Tracked on Jan 11, 2005 2:12:30 AM
» The Sheep Are Still Scared from green gabbro
Blathering on about masculinity and femininity is like trying to draw a line between porn and erotica. It's fun 'cause you get to think about things that turn you on, but it's not exactly vital to free society. [Read More]
Tracked on Jan 11, 2005 3:47:29 AM
» Gender and social psychology thoughts from Pub Sociology
I ran across a couple of interesting things online to which I thought I'd link as I thought they would probably attract the interest of some of you sociologists or sociologist-wanna-bes. [Read More]
Tracked on Jan 11, 2005 12:49:18 PM
Most people do find mates, though. Does anybody really think that only perfect specimens of either sex marry and reproduce?
Posted by: janet | Jan 10, 2005 3:53:04 PM
For me it all comes down to what's considered feminine. Too often, it's all about a "nurturing spirit" which when parsed means taking care of men, having a strong domestic gene that compels us to cook and clean. Bah on that.
So that's my question. What constitutes femininity?
And we all need gravity to pull and not push, but I don't see an impending crisis on that front either.
Posted by: Paul Callahan | Jan 10, 2005 4:02:16 PM
Maybe I can equivocate on 'men' and 'women' using each one time descriptively and one time outrageously normatively loaded, as in: "Men, qua men, demand feminine women..."
The first version was pretty clearly a generalization, anyway, sort of like "people eat meat." It's pragmatically clear that locating a person who doesn't eat meet doesn't really address the intended claim. I intended it as a banality. The surprising thing is that people do deny it.
Anyway, if you're questioning my masculinity, I demand satisfaction! I'll meet you at the Af-Am Civil War Memorial at midnight. And, I add, my beard is more luxuriant than your derivative version!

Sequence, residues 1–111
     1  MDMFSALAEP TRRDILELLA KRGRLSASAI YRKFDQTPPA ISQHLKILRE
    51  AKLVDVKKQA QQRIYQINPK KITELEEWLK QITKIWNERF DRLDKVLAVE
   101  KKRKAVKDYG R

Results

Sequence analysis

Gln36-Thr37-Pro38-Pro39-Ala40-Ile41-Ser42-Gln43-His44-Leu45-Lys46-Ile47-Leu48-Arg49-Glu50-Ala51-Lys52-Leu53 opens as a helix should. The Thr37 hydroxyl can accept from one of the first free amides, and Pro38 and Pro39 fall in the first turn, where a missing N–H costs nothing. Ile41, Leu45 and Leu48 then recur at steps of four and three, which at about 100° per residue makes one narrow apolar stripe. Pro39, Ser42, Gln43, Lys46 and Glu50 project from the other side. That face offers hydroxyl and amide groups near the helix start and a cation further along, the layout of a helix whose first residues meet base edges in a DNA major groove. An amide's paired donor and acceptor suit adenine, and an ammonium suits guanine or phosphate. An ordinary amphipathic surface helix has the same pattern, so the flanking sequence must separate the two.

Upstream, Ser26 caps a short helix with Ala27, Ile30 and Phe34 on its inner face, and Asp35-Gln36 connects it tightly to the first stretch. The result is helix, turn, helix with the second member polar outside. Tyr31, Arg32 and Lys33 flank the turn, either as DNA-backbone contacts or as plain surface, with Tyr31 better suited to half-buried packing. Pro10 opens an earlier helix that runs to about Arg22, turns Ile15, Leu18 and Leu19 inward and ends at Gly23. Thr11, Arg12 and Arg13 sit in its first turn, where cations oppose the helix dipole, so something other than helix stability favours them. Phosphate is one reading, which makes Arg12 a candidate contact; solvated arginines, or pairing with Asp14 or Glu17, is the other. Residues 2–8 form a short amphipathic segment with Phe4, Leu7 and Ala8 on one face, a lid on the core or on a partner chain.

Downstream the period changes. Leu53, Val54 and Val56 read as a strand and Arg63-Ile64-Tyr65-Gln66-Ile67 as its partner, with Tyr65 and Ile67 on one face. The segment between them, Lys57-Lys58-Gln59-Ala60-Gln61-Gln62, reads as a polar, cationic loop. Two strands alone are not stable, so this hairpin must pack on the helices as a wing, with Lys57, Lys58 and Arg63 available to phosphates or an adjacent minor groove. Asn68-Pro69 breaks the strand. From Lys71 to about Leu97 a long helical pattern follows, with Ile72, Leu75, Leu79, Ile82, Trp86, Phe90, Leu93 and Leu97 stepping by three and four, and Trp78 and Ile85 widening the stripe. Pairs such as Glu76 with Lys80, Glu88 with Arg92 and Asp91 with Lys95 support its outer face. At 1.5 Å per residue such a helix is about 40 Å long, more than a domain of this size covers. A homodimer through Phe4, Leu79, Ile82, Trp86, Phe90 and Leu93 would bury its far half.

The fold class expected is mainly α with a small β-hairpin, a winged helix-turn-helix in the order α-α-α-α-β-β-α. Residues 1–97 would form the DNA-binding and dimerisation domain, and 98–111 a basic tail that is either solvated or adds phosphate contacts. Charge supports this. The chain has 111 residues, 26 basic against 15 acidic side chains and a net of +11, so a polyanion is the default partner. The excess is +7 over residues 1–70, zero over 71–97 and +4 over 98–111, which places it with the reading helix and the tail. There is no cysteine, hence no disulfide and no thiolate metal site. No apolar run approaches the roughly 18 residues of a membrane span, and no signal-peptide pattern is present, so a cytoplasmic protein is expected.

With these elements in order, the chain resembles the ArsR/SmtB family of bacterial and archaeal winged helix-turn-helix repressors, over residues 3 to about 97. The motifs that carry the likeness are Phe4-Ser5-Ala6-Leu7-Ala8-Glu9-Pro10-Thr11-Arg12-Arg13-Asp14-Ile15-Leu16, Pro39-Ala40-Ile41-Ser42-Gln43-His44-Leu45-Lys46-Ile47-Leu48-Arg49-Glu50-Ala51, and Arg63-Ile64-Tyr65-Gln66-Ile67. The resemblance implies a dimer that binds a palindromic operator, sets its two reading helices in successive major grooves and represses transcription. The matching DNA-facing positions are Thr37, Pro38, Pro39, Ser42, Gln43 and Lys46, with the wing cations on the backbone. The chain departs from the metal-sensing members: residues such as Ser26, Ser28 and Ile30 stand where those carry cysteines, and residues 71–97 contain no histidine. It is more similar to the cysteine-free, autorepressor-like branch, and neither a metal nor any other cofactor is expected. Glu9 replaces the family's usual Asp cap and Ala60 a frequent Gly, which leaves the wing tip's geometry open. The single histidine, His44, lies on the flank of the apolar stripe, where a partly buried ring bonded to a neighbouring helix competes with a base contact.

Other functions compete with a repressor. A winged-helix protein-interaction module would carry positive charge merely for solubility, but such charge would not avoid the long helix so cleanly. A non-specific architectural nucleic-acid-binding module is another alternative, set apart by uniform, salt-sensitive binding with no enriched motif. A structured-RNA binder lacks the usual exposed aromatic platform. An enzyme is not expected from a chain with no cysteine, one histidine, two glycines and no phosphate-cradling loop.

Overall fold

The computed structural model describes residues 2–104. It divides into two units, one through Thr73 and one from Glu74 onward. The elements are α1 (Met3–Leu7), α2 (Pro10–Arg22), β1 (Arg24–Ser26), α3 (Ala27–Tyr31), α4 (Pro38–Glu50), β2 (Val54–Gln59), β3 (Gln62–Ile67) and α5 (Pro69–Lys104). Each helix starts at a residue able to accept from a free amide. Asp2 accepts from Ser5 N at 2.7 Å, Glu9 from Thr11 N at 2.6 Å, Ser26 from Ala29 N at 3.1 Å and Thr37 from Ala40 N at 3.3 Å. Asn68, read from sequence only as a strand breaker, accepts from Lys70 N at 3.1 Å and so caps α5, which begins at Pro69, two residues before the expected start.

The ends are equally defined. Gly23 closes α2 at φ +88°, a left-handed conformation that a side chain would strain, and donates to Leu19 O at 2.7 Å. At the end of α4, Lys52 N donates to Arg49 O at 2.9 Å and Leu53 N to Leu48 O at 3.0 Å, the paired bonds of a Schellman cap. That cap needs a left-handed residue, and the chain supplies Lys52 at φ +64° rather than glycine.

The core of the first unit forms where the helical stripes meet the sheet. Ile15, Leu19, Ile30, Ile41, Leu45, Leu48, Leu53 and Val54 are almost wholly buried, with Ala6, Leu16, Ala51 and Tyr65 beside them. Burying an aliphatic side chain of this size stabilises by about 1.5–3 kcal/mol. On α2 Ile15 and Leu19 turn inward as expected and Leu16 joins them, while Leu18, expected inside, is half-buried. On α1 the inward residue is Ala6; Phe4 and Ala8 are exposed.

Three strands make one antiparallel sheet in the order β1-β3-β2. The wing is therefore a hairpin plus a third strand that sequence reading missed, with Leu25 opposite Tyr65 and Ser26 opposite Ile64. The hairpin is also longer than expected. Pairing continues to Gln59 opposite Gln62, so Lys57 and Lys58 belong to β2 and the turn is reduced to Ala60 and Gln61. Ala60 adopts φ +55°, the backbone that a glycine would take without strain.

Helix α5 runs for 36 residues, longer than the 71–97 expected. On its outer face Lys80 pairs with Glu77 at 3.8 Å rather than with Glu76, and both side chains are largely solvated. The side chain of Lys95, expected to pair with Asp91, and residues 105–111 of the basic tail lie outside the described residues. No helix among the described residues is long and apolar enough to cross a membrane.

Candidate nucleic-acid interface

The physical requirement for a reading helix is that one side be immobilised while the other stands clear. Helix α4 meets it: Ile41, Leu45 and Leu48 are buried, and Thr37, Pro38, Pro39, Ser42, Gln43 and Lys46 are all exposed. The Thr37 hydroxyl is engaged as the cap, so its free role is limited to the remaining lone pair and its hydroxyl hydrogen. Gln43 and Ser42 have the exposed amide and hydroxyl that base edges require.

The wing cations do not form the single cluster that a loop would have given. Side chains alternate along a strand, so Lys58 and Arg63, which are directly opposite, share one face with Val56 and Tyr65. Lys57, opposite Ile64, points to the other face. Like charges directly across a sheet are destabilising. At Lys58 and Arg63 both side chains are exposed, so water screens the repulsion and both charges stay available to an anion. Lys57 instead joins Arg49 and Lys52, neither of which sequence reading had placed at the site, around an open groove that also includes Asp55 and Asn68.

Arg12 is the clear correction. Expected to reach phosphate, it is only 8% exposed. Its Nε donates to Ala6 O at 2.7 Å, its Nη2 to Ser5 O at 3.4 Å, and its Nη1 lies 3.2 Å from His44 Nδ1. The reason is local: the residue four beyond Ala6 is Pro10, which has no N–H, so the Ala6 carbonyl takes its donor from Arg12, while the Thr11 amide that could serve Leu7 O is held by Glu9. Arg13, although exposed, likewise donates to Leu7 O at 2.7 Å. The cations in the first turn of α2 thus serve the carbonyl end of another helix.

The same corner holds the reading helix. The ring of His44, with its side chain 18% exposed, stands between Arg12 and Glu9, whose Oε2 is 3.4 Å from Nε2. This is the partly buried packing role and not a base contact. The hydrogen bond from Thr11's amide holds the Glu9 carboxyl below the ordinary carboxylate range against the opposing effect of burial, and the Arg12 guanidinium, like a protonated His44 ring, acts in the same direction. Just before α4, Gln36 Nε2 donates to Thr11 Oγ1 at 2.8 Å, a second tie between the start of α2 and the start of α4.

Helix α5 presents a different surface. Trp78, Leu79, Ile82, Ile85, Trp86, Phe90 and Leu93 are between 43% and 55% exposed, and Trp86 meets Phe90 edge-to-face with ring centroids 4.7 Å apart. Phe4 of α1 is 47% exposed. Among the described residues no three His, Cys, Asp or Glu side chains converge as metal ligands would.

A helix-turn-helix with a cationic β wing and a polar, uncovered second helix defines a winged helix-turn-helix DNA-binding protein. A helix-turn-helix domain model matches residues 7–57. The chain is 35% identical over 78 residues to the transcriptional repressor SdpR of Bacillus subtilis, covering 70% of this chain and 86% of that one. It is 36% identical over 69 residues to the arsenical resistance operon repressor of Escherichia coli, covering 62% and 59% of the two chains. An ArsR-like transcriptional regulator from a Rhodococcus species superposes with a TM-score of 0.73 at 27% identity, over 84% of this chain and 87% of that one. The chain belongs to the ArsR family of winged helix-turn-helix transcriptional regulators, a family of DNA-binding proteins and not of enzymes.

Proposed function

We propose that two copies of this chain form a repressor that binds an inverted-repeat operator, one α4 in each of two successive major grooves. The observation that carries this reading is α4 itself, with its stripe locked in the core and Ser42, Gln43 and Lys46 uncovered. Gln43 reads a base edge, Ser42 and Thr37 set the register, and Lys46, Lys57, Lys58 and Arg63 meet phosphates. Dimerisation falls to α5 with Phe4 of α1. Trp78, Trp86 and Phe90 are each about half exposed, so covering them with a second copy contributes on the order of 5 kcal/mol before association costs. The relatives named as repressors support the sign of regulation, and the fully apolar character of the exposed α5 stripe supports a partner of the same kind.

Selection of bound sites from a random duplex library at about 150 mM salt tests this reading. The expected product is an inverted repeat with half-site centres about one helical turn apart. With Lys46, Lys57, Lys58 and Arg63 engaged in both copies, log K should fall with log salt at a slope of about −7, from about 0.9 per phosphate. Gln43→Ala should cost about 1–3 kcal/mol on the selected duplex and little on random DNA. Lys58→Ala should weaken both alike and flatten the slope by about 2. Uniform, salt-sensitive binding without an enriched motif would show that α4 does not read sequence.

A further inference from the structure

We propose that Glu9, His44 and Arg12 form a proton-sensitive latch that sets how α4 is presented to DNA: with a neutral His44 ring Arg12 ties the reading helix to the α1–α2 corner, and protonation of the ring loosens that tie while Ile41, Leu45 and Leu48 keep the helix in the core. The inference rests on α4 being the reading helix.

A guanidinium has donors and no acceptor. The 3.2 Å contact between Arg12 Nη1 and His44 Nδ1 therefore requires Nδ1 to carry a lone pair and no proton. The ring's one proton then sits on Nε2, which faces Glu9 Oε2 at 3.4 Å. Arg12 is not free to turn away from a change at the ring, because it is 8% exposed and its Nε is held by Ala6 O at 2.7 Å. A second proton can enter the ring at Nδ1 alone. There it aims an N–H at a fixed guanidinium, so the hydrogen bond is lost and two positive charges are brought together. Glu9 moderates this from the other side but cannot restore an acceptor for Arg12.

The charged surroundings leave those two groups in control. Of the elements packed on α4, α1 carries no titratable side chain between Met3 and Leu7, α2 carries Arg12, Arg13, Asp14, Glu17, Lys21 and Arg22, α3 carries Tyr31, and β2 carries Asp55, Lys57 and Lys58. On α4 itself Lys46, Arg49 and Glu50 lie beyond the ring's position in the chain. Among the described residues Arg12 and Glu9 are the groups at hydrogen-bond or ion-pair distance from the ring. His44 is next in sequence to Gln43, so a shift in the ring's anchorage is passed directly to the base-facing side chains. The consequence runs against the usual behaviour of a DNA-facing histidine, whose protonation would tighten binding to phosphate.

Ditto what Kathy said. And the same question for masculinity.
I guess if I did want to accept Matt's challenge to take on these assertions (which wasn't really on my to-do list for today), I'd point out that the definitions of "masculine" and "feminine" have been quite fluid over time, as has the relative emphasis on what traits are desirable in members of the opposite sex. So the argument might always be inherently true, because what's considered feminine or masculine over time changes to reflect what people are looking for/desiring.
Even the relative emphasis on certain secondary sex characteristics we can't imagine not being attached to "feminity" or "masculinity" changes over time; I mean, look at pictures of Elizabethan women: the corsets they wear are designed more for posture than clevage and basically flatten out their chests, but they wear these massive buttresses (not the correct term but, anyway) to emphasize their hips and make them look bigger. Not how we look at it today.
But I'd rather debate the difference between like and need. Sure, women may prefer "masculine" men, but that doesn't mean they need men to be masculine (and the opposite, too). I could probably cope with a less than "manly" guy were he sufficiently good in bed :)
Posted by: veruca | Jan 10, 2005 4:09:09 PM